Before I begin, I'd like to thank Dr. Russell for making an appearance in the comments section to the previous post. I hope your students enjoy their PR Campaigns class as much as I did and, subsequently, learn as much as I did in the process (though I have no reservations that they are). And for the record, Dr. R, I took the Dismantling Persistent Poverty campaign with Dr. Sallot (Fall 2003). I'm not sure what PPA is, but if that's what it's being referred to now, then yes, that's the one I took. Please tell Dr. Sallot I said hello.
Moving on, I wanted to touch briefly on what it means to be a head coach nowadays in the world of college football. The title of "The Father Figure" stretches farther than many could have ever imagined merely 20 years ago, and the job of leading a team to be ready for a game week after week entails much more today than it ever has.
You see, in today's world you have athletes from zero stars to five stars who come from great homes and many who come from broken ones. All too often you read about a guy like DeAngelo Tyson, who came from a foster home and used his God-given athletic ability to make something of himself on the gridiron, so that maybe one day he can enjoy the fruits of a college education, or in the best case, an NFL (and life-changing) career.
When Mark Richt recruits these kids nowadays, he's not recruiting kids to be the next starter at the Cornerback position. He's recruiting kids. Kids like you and I used to be. Kids who never thought they could make it to a school like the University of Georgia.
Since I was a child, my parents equated going to the University of Georgia to winning some sort of lottery. It's not that I came from UGA money. It's more like I didn't come from hardly any money at all. When I got that UGA acceptance letter, it was a day unlike any birthday or Christmas I can remember.
Now its unfathomable to put myself in the position of A.J. Bryant, whose dad hung on to life until he found out his kid was going to play at UGA, and then passed the next day. Or in the case of Michael Lemon who accepted a scholarship from UGA only to lose his mother in a very tragic way. And let's definitely not forget about kids like DeAngelo Tyson who's had no idea what it's like to even have a family, PERIOD.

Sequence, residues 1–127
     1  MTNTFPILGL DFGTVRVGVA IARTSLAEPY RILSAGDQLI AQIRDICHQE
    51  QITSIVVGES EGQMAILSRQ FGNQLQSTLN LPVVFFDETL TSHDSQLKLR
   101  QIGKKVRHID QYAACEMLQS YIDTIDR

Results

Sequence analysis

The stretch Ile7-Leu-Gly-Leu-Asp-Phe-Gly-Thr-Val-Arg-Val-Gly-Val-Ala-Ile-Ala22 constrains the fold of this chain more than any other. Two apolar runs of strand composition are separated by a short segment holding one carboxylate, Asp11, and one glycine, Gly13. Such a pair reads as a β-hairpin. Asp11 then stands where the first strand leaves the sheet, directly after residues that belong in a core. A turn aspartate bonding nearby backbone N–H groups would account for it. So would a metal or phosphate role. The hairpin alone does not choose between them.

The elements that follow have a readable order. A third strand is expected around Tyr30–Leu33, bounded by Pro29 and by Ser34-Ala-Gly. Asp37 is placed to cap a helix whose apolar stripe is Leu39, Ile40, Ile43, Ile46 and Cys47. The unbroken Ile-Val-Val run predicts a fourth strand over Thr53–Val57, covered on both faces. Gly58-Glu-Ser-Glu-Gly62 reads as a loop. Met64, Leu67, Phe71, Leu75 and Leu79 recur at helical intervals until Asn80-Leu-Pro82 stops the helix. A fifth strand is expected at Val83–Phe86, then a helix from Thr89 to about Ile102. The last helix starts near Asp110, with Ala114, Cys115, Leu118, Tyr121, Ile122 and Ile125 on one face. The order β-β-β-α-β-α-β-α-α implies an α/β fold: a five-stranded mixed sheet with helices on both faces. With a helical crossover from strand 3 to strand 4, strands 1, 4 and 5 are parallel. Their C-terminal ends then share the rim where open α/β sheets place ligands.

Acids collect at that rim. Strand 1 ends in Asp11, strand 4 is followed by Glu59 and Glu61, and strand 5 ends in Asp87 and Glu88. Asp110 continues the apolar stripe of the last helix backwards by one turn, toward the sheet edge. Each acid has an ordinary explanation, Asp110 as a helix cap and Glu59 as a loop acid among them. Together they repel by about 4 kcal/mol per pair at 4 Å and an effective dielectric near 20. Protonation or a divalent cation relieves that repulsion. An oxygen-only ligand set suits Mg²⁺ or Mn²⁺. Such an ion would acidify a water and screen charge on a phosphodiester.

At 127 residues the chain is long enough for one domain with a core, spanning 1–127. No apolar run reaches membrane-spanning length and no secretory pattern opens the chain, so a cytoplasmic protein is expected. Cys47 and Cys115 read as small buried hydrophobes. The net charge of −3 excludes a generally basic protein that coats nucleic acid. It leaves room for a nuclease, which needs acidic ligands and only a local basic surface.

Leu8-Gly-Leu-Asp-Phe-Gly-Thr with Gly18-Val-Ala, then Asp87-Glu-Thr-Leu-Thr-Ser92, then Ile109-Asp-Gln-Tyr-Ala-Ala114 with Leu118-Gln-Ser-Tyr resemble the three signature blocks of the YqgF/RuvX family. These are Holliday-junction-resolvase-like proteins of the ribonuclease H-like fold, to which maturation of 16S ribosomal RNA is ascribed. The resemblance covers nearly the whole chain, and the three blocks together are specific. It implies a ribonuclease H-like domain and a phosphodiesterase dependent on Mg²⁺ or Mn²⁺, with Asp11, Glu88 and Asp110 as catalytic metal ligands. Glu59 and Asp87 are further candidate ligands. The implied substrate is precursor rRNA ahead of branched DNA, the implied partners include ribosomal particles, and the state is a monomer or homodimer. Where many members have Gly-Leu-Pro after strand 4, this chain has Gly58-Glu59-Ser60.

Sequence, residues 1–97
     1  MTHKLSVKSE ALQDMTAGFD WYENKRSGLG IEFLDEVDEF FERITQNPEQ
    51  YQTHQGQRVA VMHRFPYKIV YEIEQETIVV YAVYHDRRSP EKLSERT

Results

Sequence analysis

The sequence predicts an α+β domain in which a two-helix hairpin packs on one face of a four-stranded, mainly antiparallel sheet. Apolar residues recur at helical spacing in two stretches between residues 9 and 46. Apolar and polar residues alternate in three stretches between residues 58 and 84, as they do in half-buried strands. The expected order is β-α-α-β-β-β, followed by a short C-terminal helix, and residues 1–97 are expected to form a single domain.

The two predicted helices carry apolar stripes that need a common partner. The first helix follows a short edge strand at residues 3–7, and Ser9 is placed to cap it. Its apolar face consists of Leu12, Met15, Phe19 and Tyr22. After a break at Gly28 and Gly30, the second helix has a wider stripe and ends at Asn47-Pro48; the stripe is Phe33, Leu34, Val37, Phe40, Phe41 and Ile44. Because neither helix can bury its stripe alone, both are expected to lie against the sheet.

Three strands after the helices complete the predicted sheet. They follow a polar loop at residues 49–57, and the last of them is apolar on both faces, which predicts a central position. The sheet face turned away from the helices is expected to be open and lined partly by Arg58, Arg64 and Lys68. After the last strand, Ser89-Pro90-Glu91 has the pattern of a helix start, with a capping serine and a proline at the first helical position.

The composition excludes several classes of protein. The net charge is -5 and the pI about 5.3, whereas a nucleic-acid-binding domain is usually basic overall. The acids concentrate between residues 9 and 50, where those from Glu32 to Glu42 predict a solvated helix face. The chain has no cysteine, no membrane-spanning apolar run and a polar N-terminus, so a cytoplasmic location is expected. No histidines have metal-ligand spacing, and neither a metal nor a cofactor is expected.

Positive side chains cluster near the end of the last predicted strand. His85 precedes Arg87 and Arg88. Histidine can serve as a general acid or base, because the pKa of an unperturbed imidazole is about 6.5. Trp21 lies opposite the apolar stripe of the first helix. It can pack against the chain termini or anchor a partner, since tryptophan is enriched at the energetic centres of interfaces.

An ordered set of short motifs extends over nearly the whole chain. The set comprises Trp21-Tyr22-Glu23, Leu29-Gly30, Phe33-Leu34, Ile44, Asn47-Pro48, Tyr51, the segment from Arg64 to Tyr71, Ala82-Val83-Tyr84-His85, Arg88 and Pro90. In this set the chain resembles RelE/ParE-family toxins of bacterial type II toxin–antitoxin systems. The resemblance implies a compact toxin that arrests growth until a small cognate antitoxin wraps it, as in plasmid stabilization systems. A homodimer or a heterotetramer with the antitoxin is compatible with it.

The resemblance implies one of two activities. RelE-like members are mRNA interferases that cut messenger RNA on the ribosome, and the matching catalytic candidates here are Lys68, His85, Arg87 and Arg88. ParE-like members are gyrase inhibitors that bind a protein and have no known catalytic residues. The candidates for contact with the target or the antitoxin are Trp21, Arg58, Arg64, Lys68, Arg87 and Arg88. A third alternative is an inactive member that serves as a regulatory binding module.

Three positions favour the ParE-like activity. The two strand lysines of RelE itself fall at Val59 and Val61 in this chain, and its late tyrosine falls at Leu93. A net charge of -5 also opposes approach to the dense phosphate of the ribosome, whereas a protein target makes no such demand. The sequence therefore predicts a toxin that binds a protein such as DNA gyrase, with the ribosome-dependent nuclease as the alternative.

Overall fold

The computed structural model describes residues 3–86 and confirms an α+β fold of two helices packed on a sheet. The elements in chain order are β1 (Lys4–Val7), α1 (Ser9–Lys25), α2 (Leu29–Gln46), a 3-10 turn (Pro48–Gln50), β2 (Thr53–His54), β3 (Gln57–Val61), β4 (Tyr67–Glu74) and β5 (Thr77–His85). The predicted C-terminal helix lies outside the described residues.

For Coach Mark Richt, and for many coaches across the nation, it's their job to turn high school pros into collegiate stars. However, for a select amount of coaches (those that choose to do so), they have a heavier burden. One that means guiding, chastising and leading these young men into becoming grown men. Ones that are ready for life on and off the field. Ones that have experienced the thrill of victory and the life lesson that comes with an agonizing defeat.
Sure, some of these kids have come from fantastic families. Some of them have a blood-bond support structure that rivals that of what you would see on Extreme Home Makeover. However, for every good one, there is a bad story. A yin to every yang, if you will.
It's in times like these, where kids make bad decisions, that they need that "father figure" the most. I know I'd be less than half of the half of the man I'd be today without a family (and particularly a father) that showed me what it took to be a productive member of society. To stand up for what's right even when you don't want to and to grin and bear it when times get tough, because by-God, the night is darkest before the dawn.
So I write this today with respect for our program and respect for the men that run it. Now, more than ever, we have to applaud the actions of a few grown men who have been given the daunting task of raising 85 scholarship, and countless others not on scholarship, kids who need to know more than when to turn their hips before being burnt deep on a post pattern. This is a salute to the men who say "Son, you had a bad game. How's your family? What can I do to make you a better man off the field?"
To those men, all across the NCAA, and definitely the ones at UGA, I salute you. I understand and appreciate that football games are still just games. What I hope we never lose site of are the times where a young man becomes a man, and learned it from someone who cared enough to spend to the time to teach it after practice.
Until next time kids.
Labels: College Football, General "Kit" stuff, UGA Football